The prevalence of different allergies has been explored in the previous articles across 5 case countries and comparisons have been drawn with prevalence in India. The findings implicate that incidence of several allergic responses has been rising continuously mainly due to development in technology and increase in severe pollution. Allergic reactions in present times are affecting nearly 20-30% of the Indian population. Allergy has become a cause of concern for both individuals and government. This is because of its social and economic impact in terms of cost of healthcare, loss of working hours and lower quality of life among others. This article explores the social and economic burden of allergic diseases in India.
Social burden of allergic diseases
Among the allergies which are prevalent in India, Asthma and Allergic Rhinitis mostly impact the population. Statistics reflect that nearly 20-30% of the population suffers from allergic rhinitis. Similarly, 15% develop asthma reflecting serious health burden impairing quality of life (Tripathi and Patterson 2001). Both the diseases are associated with bothersome symptoms which impact the daily activities, quality of sleep and overall productivity contributing to a social burden. Further, both diseases are linked with several co-morbidities like conjunctivitis, sinusitis, polyposis, respiratory infections (WAO, 2013). This leads to social implications like;
- decreased quality of life
- sleeping disorders
- learning and attention impairment
- mouth breathing dental malocclusion.
Further, another disease prevalent in India is urticaria. Studies show that it impairs a patient’s quality of life and overall job performance (Zuberbier et al 2009). Social burden of the disease has been found to people involved in manual labour work. On the other hand wherein cold urticaria is found to completely disable the employees to work out of doors. Poor quality of life among urticaria patients can be attributed to the fact that the patients have to spend on the cost of therapy. In addition patients often face fatigue with the use of anti-histamines. In such situations, people are unable to explain skin lesions and social isolation leads to frustration (Khan et al, 2013). Similar social isolation burden can be when patient is suffering from other allergic responses like eczema, occupational allergy or insect allergy.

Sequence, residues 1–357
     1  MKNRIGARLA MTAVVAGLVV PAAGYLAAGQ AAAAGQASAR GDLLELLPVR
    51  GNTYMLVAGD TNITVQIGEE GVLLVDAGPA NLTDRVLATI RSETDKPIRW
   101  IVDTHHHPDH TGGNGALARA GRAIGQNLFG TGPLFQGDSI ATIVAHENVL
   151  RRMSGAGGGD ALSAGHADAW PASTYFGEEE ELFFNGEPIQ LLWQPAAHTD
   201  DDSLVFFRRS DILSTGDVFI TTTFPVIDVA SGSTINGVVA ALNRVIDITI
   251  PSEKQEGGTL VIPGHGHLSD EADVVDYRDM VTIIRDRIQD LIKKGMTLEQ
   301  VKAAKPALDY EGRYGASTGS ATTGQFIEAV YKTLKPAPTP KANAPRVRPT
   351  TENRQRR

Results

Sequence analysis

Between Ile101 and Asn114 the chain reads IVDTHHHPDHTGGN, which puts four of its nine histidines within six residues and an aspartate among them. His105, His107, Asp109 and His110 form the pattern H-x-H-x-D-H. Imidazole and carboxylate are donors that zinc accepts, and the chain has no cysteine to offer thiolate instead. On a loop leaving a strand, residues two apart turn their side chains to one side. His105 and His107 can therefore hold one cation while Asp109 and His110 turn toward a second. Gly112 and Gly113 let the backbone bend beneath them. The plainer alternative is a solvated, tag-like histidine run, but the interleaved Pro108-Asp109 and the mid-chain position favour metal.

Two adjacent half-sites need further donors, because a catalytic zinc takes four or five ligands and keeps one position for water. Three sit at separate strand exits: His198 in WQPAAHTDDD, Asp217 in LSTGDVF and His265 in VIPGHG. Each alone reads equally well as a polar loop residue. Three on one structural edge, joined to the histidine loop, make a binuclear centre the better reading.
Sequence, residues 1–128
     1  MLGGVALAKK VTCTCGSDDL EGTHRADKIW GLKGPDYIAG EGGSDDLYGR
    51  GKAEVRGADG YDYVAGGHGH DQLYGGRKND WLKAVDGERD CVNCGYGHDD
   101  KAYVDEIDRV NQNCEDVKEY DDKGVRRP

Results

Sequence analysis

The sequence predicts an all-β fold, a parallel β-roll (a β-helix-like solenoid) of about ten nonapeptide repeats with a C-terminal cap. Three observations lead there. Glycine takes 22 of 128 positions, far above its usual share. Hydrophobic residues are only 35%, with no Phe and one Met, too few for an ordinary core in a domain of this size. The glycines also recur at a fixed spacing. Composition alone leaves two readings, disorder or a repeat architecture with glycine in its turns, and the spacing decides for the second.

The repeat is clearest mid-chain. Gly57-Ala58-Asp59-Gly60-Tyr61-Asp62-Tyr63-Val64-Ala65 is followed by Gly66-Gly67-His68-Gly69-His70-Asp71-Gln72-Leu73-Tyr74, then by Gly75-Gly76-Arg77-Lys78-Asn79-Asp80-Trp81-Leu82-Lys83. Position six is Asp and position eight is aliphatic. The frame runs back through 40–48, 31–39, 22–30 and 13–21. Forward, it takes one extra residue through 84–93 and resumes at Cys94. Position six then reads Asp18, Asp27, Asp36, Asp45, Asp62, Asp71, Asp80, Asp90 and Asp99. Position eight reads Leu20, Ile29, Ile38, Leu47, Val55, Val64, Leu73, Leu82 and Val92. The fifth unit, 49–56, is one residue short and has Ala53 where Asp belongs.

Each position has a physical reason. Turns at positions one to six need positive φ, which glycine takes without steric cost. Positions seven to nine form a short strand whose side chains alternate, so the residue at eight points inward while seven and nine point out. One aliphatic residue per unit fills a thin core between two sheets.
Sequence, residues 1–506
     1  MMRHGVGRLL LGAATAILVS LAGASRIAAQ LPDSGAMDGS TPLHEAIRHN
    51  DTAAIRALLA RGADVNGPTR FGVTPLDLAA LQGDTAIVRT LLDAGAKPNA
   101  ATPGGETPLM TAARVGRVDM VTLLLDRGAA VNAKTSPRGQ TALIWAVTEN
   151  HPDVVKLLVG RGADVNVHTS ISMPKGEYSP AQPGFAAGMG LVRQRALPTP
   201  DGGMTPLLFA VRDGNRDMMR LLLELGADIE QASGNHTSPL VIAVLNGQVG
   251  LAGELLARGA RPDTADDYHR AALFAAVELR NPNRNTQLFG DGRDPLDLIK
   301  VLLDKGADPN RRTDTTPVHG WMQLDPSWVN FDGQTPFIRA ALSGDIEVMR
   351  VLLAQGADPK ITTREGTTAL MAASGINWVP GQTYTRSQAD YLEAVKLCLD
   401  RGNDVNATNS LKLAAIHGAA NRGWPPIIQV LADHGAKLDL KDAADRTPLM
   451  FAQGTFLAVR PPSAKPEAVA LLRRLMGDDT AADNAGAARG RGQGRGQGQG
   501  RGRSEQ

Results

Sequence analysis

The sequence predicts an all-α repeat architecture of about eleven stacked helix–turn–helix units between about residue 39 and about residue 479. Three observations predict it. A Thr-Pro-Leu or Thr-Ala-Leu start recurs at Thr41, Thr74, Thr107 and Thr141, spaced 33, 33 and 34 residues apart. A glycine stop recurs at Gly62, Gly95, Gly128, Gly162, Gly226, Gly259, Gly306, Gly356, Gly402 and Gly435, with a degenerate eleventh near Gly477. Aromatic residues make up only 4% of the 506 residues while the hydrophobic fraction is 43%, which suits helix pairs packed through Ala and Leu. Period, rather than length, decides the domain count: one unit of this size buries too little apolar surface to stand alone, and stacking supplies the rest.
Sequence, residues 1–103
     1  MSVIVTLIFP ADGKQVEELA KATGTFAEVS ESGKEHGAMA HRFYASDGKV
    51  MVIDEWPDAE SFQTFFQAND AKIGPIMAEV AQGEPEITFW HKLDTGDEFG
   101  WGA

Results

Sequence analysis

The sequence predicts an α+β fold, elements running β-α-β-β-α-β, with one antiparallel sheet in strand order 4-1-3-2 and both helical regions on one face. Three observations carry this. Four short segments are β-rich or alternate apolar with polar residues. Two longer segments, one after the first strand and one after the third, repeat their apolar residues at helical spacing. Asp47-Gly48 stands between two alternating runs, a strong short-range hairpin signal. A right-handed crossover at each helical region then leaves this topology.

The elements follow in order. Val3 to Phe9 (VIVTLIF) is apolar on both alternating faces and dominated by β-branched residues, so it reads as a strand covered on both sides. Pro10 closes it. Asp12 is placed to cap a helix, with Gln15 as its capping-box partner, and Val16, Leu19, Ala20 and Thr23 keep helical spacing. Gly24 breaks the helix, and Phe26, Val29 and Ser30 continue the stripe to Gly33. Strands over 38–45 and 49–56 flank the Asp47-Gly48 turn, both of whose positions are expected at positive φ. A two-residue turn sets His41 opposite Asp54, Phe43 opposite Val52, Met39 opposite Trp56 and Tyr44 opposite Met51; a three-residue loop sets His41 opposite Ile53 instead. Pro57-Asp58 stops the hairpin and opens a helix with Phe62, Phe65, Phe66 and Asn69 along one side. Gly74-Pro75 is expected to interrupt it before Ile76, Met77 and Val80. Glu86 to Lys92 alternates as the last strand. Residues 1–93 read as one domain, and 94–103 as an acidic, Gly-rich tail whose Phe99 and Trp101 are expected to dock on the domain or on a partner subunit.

Economic burden of allergic diseases
In terms of economic burden of the common allergic reactions, most of the allergies carry both direct and indirect economic burden. While the direct costs include;
- physician visit
- laboratory tests
- treatment of co-morbiditie.
On the other hand indirect costs include,
- absenteeism from work
- decreased productivity at work and
- impaired productivity
With 55 % of all allergies in India is caused due to allergic rhinitis, and it is thus imperative to determine the overall direct and indirect economic burden of the disease. A recent study by Ghosal et al, (2016) show that overall mean cost of respiratory disorder is $637 per patient per annum. Out of which 62.2% was due to lack of productivity. The highest direct cost was due to medications which contribute 61.1% of the total cost. Similarly, in case of asthma, the total medical cost was 36.7% of which 59.5% was medication cost.
Further, occupational and insect allergy can range from mild to life threatening manifestations. Along with the direct cost of treatment, indirect costs includes reduced earning capacity, insurance and compensation schemes in the organization and burden on employers. Similarly in case of drug-related hypersensitivity, both direct and indirect costs are adding to the economic burden. Although indirect costs can be reduced once the allergy has been identified, however, direct cost of use of alternative medicine will increase (WAO 2013).
Need for more standardised diagnostics
Allergies are prevalent among all age groups and often seen among those with genetic predisposition. Common clinical allergies affecting Indian population include Asthma, Allergic rhinitis, and urticaria. However, it was left unaddressed as to what are the social and economic burden of these allergic reactions. The statistics are alarming and social and economic burden of allergic diseases has an overall effect on the society. This should be systematically monitored in order to develop standardised diagnostic and treatment procedures.
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- Khan S., Maitra A., Hissaria P., Roy S., Anand P. M., Nag N., Singh H., (2013) Chronic Urticaria: Indian Context—Challenges and Treatment Options, Dermatology Research and Practice, pp.1-8.
- Tripathi A., & Patterson R., (2001) Impact of allergic rhinitis treatment on quality of life, Pharmaeconomics, 19(9), pp. 891-9.
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- Zuberbier T, Asero R, Bindslev-Jensen C, Canonica GW, Church MK, Giménez-Arnau AM, Grattan CE, Kapp A, Maurer M, Merk HF, Rogala B, Saini S, Sánchez-Borges M, Schmid-Grendelmeier P, Schünemann H, Staubach P, Vena GA, Wedi B. (2009) EAACI/GA²LEN/EDF/WAO Guideline: Management of Urticaria. Allergy, 64: pp.1427-1433.
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